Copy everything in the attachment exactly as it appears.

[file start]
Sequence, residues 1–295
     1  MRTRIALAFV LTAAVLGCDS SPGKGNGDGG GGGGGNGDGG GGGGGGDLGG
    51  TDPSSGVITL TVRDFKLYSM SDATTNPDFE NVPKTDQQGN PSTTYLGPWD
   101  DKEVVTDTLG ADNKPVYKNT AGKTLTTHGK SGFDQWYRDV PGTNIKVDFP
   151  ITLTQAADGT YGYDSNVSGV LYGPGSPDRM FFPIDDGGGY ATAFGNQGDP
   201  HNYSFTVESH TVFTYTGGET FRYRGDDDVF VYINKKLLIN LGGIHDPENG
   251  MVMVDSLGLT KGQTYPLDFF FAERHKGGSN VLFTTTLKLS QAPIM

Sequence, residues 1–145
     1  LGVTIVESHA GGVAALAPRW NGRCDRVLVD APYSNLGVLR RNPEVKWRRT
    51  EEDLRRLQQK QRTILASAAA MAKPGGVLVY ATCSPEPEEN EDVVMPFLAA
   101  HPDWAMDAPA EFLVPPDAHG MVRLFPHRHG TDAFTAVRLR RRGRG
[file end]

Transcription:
Sequence, residues 1–295
     1  MRTRIALAFV LTAAVLGCDS SPGKGNGDGG GGGGGNGDGG GGGGGGDLGG
    51  TDPSSGVITL TVRDFKLYSM SDATTNPDFE NVPKTDQQGN PSTTYLGPWD
   101  DKEVVTDTLG ADNKPVYKNT AGKTLTTHGK SGFDQWYRDV PGTNIKVDFP
   151  ITLTQAADGT YGYDSNVSGV LYGPGSPDRM FFPIDDGGGY ATAFGNQGDP
   201  HNYSFTVESH TVFTYTGGET FRYRGDDDVF VYINKKLLIN LGGIHDPENG
   251  MVMVDSLGLT KGQTYPLDFF FAERHKGGSN VLFTTTLKLS QAPIM

Sequence, residues 1–145
     1  LGVTIVESHA GGVAALAPRW NGRCDRVLVD APYSNLGVLR RNPEVKWRRT
    51  EEDLRRLQQK QRTILASAAA MAKPGGVLVY ATCSPEPEEN EDVVMPFLAA
   101  HPDWAMDAPA EFLVPPDAHG MVRLFPHRHG TDAFTAVRLR RRGRG